Dining Etiquette in the Victorian Era

In the Victorian Era, there were many dining habits and etiquette that reflected the restrictions and customs of Victorian life.
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Table Settings, Service, and Dining Etiquette
Table settings were similar to how they are in fancy dining settings today. Dinner knives are nearest to the plate on the plate’s right side, with other knives and spoons further away from the plate on its right side and forks on the left side of the plate in eating order.1 Tables were to be set according to the number of people attending dinner.1 If breakfast was being served, the dishes would be arranged with the person’s plate in the middle and cups and saucers to either side of the plate.1 The table settings for lunch were much the same.
For dinner parties, the servants prepared most things. They set the places for meals. Food was prepared in thedining.jpg kitchen and brought out by servants. The servants, when not needed or required, waited in nearby rooms until needed to clear the dishes.1 While the family ate meals, the servants usually ate their meals.1 This was to give the family privacy and it was probably used to distance the family from the lower class.
At such fancy dinner parties, certain etiquette was followed. People waited to eat until all other patrons were seated and ready to dine.6 People were also allowed to eat when the host said it was acceptable or if other people were eating.3 At meals, the host and hostess sat at opposite sides of the table.1 This is partially due to the fact that married couples didn’t sit together5, probably to distance themselves if one is referenced in conversation with other patrons. Company (guests) were usually limited to twelve people to ensure a pleasant meal, with guests of the same or similar social class.4 This was to ensure that there would be no intermingling of classes and that there would be no crowding at the dinner table. Talk at the dinner table was expected to be small talk, not gossip.4 It was expected that guests would arrive about fifteen minutes early, to be punctual and to not keep others waiting.4 If people gave dinner parties for friends, their friends were expected to return the gift with an invitation to a dinner party at their place of residence1, probably to be courteous and to remain on friendly terms with one another.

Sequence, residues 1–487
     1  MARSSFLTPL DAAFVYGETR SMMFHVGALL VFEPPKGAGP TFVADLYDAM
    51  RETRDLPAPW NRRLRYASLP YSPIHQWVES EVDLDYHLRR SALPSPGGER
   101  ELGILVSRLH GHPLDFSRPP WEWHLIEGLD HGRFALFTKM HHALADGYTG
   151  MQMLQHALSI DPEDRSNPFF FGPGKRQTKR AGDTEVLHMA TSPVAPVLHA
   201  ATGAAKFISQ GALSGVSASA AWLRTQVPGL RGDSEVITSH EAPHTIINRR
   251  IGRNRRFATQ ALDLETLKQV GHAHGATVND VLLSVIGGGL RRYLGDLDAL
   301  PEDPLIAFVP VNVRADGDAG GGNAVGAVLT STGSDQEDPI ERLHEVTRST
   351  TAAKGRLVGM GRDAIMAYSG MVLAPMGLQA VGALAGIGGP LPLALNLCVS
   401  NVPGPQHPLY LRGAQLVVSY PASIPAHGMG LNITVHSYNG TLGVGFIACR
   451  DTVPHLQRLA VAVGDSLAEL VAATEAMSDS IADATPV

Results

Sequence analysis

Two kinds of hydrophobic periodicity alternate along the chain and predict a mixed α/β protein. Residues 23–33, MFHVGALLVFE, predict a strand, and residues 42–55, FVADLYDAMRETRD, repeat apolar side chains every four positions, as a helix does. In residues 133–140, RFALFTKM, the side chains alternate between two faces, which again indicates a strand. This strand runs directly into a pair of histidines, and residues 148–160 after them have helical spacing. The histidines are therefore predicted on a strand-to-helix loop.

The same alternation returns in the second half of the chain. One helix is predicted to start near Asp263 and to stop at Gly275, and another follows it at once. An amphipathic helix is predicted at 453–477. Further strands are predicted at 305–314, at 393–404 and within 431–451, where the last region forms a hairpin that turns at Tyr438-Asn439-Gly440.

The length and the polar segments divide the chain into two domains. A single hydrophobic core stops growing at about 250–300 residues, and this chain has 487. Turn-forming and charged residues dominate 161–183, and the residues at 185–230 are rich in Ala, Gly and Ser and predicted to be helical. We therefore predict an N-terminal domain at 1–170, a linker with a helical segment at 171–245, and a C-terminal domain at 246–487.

Reflected in the Novel
Even though there was little in-depth discussion of meals and dining etiquette in Pride and Prejudice, dining habits played a role in the development of the novel, particularly in the development of opinions of other characters.
When Jane receives an invitation from Caroline Bingley for dinner, she promptly responds as to not distance herself from Ms. Bingley.2 Elizabeth is summoned to dinner at the Bingley’s, which shows how formal simple meals such as dinner were in the Victorian Era. People were summoned to meals as if they were gods. Mr. Collins arrives at Longbourn punctually, which increased the Bennet family’s opinion of Collins. At dinner with Lady Catherine, Elizabeth is asked to try some of the dishes and doesn’t refuse, as one of the rules of dining is that guests don’t refuse requests to try dishes. Elizabeth also probably didn’t want to offend Lady Catherine and the other guests at dinner.

Work Cited
1Jackson, Lee. "Food and Drink." Dictionary of Victorian London - Victorian London - 19th Century London - Social History. 09 2006. 23 Oct 2007 <http://www.victorianlondon.org/>.
2Austen, Jane. Pride and Prejudice. 10. New York: Barnes and Noble Books, 2003.
3"Table Manners." Wikipedia, the free encyclopedia. 27 10 2007. Wikimedia Foundation. 23 Oct 2007 <http://en.wikipedia.org/wiki/Table_manners#British_table_manners>.
4Duttie, Lady. "Etiquette of the Table." Duttie's Just Victorian. 2007. 23 Oct 2007 <http://www.geocities.com/Heartland/Plains/3250/docs/Etiquette.htm.>
5"Dining Room Etiquette." Victorian Station. 2001. 23 Oct 2007 <http://www.victorianstation.com/ettiqdine.htm.>
6"Victorian Etiquette." Towne Victorian 19th Century History. 2004. Towne Victorian. 23 Oct 2007 <http://www.angelfire.com/ar3/townevictorian/victorianetiquette.html.>